Showing results 1 to 20 of 31

September 11, 2012 by

IDF 2012: Has the convertible PC's time finally come?

One of the major themes at Intel’s annual developer conference, which takes place this week, is expected to be convertibles that function as laptops and tablets. These aren't new, but Microsoft's "reimagining" of Windows has prompted PC makers--including HP, Dell, Lenovo, Asus, Acer, Samsung, Toshiba and Sony--to once again experiment with hybrids. Will convertibles finally catch on?

September 17, 2010 by

Dell's flipping Inspiron Duo Tablet brings back memories

Dell showed its forthcoming Inspiron Duo Tablet at the Intel Developer Forum (IDF 2010) but it would be nice if it called it the Dell Flip, or at least the Dell Transformer. It’s a convertible -- it works either as a netbook PC or as an entertainment tablet -- but takes a different approach to swivelling the screen, as show in the video below.

September 13, 2010 by

IDF: SmartTV can't win as long as it's treated like a PC

If we've learned nothing else from Bill Gates over the years, we should at least know by now that a computer in the living room is a bad idea. No, I'm not talking about sitting in a sofa with a laptop, catching up on the DVR and hammering out a few emails after dinner.

October 7, 2009 by

First Clarksfield reviews: Core i7 laptops look impressive

Since Intel unveiled its Core i7 quad-core mobile processors at IDF a couple weeks ago, several PC companies have announced mainstream and desktop replacement laptops using these Clarksfield chips. Many sites have reviewed the new platform--known as Calpella--in whitebox notebooks, but so far I haven't seen many reviews of real Core i7 laptops, partly because the industry is waiting on Windows 7.

April 2, 2008 by

So when can I get a Classmate PC?

As part of Intel's press package released yesterday when they unveiled the 2nd-generation Classmate PC at IDF, they reminded us that OEMs in mature markets (read North America and Europe) could now begin selling the netbooks:The second-generation Intel-powered classmate PC is a type of “netbook” - a new class of affordable, small form factor, internet centric devices - targeted at education and youth markets worldwide.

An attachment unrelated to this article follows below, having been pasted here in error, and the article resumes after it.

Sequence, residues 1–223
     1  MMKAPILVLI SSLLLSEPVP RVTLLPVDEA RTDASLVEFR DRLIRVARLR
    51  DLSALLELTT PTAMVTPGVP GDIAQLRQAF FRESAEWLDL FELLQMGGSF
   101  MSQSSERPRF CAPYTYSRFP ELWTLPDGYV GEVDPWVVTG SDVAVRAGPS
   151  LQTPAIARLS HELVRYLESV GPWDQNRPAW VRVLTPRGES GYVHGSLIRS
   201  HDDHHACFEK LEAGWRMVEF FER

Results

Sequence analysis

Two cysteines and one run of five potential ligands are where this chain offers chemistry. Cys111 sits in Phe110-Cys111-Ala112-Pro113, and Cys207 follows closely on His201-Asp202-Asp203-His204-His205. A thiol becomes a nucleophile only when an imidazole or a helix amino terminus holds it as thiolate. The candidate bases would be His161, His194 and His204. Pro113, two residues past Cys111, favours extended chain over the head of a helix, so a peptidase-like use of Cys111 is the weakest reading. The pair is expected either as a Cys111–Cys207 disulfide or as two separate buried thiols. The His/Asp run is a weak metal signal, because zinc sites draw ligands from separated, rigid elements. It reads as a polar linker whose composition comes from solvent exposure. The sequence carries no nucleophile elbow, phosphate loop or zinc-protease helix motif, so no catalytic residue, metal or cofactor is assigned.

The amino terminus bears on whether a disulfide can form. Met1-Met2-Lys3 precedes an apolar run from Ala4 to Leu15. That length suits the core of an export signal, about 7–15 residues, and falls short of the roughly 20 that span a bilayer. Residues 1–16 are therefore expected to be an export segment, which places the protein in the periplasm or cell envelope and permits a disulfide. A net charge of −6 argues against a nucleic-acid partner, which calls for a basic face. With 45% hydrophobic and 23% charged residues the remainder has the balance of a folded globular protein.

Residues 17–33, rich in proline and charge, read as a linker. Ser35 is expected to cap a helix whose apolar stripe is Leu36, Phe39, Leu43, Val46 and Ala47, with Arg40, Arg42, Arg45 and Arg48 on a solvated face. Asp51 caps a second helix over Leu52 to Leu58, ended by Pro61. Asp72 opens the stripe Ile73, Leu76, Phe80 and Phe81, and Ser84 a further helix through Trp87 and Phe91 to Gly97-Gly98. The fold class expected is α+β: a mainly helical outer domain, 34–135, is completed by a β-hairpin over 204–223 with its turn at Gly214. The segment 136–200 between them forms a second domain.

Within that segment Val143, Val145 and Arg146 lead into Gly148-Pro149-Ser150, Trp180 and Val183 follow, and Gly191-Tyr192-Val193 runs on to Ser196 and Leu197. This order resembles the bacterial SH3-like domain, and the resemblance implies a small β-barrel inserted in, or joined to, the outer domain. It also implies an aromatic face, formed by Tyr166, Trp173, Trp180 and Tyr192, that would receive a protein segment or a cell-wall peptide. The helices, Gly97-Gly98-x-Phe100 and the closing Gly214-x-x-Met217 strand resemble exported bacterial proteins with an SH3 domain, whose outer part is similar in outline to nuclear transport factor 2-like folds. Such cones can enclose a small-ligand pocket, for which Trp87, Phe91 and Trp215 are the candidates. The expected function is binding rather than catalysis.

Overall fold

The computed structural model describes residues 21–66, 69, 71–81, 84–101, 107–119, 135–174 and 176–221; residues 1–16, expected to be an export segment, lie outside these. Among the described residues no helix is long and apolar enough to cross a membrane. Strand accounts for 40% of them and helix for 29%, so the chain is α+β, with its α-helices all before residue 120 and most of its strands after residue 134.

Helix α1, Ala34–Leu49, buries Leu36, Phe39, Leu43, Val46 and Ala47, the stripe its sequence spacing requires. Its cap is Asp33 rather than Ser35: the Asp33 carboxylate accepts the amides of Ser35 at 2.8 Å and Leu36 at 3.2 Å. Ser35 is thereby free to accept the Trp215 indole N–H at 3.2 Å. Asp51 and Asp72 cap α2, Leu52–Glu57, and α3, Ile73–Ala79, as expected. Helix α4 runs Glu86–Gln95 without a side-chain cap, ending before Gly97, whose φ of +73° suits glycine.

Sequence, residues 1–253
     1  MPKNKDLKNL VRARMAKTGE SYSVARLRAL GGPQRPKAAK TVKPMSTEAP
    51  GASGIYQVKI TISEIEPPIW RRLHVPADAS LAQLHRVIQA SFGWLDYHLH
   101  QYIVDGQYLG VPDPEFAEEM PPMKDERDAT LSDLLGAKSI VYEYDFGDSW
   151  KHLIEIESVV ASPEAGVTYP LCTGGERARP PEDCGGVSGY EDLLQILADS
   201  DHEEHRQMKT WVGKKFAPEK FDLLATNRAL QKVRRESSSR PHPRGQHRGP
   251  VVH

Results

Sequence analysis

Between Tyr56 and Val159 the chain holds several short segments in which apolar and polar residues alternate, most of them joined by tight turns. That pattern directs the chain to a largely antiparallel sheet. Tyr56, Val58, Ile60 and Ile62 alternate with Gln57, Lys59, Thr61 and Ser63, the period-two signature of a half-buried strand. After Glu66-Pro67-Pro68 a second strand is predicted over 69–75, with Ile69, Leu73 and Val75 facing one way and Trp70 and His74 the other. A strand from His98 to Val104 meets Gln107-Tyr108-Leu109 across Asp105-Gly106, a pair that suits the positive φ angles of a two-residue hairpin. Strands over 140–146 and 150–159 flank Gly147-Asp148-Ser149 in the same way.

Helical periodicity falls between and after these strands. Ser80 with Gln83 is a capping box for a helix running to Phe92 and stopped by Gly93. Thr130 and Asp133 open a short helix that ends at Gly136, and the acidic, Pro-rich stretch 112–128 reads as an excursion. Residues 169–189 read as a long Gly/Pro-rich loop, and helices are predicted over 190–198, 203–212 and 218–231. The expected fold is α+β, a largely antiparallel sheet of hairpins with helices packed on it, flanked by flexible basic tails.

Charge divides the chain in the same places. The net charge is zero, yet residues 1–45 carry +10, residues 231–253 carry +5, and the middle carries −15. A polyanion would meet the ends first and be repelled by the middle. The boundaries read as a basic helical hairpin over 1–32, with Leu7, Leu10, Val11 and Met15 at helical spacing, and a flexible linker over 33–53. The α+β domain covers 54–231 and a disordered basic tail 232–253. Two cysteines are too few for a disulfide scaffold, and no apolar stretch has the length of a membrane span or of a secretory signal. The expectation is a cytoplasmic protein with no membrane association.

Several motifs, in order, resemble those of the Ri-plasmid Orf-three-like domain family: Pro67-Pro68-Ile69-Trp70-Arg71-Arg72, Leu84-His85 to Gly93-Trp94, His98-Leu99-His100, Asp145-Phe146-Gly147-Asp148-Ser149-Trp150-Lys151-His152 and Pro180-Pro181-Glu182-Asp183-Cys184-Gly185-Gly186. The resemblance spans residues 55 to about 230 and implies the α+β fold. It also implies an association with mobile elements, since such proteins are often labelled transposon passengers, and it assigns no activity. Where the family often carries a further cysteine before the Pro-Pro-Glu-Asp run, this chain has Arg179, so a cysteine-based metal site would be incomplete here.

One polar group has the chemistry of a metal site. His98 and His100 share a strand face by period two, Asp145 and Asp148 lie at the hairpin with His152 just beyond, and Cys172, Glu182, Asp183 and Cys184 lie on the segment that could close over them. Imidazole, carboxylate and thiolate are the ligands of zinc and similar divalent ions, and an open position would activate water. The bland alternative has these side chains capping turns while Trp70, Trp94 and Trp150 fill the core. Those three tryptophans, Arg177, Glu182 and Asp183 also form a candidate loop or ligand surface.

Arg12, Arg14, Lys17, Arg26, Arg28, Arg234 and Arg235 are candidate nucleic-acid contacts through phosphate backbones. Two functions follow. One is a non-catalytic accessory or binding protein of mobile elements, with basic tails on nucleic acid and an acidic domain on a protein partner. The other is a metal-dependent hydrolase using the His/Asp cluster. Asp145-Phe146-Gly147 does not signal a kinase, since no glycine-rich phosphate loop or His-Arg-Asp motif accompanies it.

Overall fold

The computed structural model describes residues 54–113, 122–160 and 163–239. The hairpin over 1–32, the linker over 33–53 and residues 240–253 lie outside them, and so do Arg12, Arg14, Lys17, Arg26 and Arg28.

May 7, 2007 by

Samsung: This Q1 goes one better

After predecessor met with disappointing reviews, Samsung says it has responded to feedback and created a better ultramobile PC.Photos: Test-driving the Q1 UltraPhotos: Take two for Origami and the Q1Photos: It's ultramobile PC day in China

April 16, 2007 by

Breaking UMPC news from IDF

Our much-travelled Technical Editor Rupert Goodwins is currently deep in Intel briefings at IDF in Beijing, but he's managed to dodge the PowerPoint for long enough to send us this pic of a prototype Ultra Mobile PC (UMPC):What's new about this one is (a) it's running Vista, and (b) it's powered by Intel's as-yet-unannounced '2007 Mobile processor'. There are two separate models, one of which is capable of running Vista's fancy Aero graphics — for around 4.

December 6, 2006 by

UMPC: better, but the jury's still out

We've just reviewed our second Ultra Mobile PC (UMPC), the R2H from ASUS. In case you'd forgotten, the UMPC caused something of a stir back in February/March when Microsoft ran a teaser campaign for Origami (Redmond's codename for what turned out to be the UMPC) — a small slate-style Tablet PC running Windows XP.

June 12, 2006 by

The UMPC is not a disaster

Reviewers and technology publications have been slamming Microsoft's Origami project, aka Ultra Mobile PC devices, for their underpowered specs in comparison to laptops. However, these devices are not designed to replace laptops and actually excel in many areas to provide mobile workers the ability to get the job done and have some fun wherever they may be.

May 22, 2006 by

Say hello to the 'eo'

CNET's Michelle Thatcher takes a look at the TabletKiosk eo v7110 ultramobile PC. The device will compete with Samsung's Origami tablet.

May 9, 2006 by

Samsung Q1

Samsung's Q1, the first Ultra Mobile PC (UMPC), lacks the portability of a handheld and falls short of the functionality of a notebook. Unfortunately, it doesn't add anything that would compensate for these failings.

May 9, 2006 by

Samsung Q1

Samsung's Q1, the first Ultra Mobile PC (UMPC), lacks the portability of a handheld and falls short of the functionality of a notebook. Unfortunately, it doesn't add anything that would compensate for these failings.

May 1, 2006 by

From Samsung Q1 to Motorola Q

Samsung formally unveiled its ultra mobile PC, the Q1 this morning.  Similar to other "Origami" Windows XP Tablet Edition systems, it has a 7-inch, 800x480 LCD with touch-screen capability, weights 1.


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